Thursday, December 09, 2004


This guy can't get a break

Talk about a tough campaign. The same week that he gets held up at a checkpoint at gunpoint and refused entrance to Hebron (see here), Dr. Mustafa Barghouthi, Palestinian presidential candidate, was beaten by Israeli soldiers at a checkpoint outside of Jenin. What's next, the First Intifada Veterans for Truth? Seriously, though, folks, this is hardly what you'd call a free and open election. Indeed, yesterday Barghouti held a press conference to talk about these issues, leveling charges at Israel and others:
"The Israeli occupation authorities have been barring me from travelling to the Gaza Strip. How can we conduct an effective and orderly election campaign if one is unable to meet one's supporters?" he said....

"There are certain sides that have already declared the winner even before the organisation of the election," he said.

Al-Barghuthi pointed out that the international community and Israel were giving Fatah's official candidate, Mahmud Abbas, preferential treatment, which he said constituted a tacit interference in the election process.

"He can travel both inside and outside Palestine unfettered, but I can't reach Gaza." (from al-Jazeera)
A statement on, a website affiliated with Barghouthi, also leveled charges directly at the US as well as Israel.
Only last month US Secretary of State Colin Powell promised Palestinians full American support for elections, and Israel made assurances that it would aid the elections by easing travel restrictions. On November 22nd Israeli Foreign Minister Silvan Shalom stated that it was in Israel’s interest to see that the Palestinian elections go forward, that “Israel will do everything in its power to ensure their smooth running,” and that Palestinians would have “freedom of movement.”

Today’s events clearly show Israel’s blatant efforts to obstruct the Palestinian democratic elections, once again demonstrating their disregard for human rights. If the presidential candidates themselves are forced to endure such violence and humiliation, it is unlikely that the remaining Palestinian population, who face these hardships on a daily basis, will be granted the necessary freedom to vote.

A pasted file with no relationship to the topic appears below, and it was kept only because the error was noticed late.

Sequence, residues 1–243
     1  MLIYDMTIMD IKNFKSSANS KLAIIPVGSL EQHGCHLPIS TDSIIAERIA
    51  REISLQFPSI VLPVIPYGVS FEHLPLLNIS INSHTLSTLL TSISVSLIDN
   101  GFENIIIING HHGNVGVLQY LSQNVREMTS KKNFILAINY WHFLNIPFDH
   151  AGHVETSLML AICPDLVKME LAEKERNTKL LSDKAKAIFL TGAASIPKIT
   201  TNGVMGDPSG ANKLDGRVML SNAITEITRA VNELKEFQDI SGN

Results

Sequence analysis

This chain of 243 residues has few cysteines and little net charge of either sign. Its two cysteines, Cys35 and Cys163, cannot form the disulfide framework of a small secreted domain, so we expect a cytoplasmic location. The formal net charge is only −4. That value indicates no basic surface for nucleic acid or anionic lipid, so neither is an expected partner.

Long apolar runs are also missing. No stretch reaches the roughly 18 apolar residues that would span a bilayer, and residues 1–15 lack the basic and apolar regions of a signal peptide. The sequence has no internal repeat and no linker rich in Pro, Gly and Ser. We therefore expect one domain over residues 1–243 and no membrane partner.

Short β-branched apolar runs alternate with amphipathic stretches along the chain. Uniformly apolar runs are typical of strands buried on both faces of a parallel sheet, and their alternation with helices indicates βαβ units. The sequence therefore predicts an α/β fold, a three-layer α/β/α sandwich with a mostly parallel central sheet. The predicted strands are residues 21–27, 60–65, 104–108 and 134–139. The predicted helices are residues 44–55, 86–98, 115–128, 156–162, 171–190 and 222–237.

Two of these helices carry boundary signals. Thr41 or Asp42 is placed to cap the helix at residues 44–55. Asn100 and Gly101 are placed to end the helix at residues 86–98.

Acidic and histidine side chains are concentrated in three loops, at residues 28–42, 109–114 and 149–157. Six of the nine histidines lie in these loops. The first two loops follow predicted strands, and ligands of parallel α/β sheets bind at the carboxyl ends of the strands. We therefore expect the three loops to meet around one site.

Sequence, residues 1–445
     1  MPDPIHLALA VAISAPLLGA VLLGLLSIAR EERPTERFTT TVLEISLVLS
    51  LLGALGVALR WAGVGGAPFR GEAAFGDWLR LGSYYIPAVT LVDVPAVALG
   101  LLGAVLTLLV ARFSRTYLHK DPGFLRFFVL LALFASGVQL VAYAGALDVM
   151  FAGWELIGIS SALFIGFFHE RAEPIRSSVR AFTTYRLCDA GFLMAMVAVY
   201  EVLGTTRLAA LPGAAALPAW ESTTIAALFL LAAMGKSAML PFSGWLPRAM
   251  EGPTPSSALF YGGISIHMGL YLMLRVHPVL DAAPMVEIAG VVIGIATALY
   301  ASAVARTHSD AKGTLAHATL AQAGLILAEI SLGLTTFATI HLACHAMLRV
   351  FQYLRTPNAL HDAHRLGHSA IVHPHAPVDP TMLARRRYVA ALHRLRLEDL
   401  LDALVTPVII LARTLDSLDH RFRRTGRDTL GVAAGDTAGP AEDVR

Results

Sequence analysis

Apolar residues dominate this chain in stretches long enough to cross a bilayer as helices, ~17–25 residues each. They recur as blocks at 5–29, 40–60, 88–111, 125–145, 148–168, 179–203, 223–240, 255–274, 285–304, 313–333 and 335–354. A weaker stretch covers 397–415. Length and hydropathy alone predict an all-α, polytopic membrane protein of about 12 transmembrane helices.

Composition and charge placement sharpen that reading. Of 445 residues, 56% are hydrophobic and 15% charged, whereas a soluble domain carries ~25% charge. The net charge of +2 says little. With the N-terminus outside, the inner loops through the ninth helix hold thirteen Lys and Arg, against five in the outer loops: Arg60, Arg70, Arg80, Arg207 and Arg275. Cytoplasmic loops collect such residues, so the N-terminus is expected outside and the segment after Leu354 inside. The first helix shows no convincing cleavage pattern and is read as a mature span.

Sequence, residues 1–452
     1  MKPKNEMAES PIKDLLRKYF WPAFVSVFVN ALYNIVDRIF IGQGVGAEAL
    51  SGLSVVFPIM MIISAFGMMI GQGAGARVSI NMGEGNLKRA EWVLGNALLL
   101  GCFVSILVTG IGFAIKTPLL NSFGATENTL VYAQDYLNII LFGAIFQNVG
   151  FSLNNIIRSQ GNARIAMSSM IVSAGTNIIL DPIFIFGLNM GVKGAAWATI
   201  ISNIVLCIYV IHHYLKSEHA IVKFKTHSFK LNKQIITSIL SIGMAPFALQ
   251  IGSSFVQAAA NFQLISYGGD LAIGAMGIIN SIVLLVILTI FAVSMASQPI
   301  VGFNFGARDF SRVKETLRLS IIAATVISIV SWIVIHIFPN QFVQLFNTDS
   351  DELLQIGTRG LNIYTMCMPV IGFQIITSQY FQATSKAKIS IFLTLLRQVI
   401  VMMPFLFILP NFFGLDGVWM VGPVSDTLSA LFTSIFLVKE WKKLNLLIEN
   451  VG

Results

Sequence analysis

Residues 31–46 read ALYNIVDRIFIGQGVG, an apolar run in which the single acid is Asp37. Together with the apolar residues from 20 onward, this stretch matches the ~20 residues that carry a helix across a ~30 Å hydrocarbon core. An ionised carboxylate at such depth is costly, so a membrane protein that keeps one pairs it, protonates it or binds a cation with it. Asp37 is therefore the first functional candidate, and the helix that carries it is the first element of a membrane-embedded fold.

Both of these statements are essentially indictments of the democratic nature of the upcoming Palestinian elections. Barghouthi is absolutely correct that there is a vast difference between the capabilities of Abu Mazin and himself (not to mention Marwan Barghouti, whose ability to campaign is, how shall I put this... limited - although I expect that he will soon withdraw his candidacy). I think that Israel and the US are to a certain degree genuine about wanting to have a Palestinian election. But to what extent are they interested in fostering democracy and openness and in general strengthening the political and civil society in Palestine? Well, maybe not that much. It could be they just want to be able to get Abu Mazin in there (and he is expected to win the election) and go from there. It's about the ends, not the process. Whereas I think to somebody like Mustafa Barghouthi, somebody who is really interested in having a democratic society in Palestine, the process is maybe even more important than the results. And the process doesn't work under occupation.

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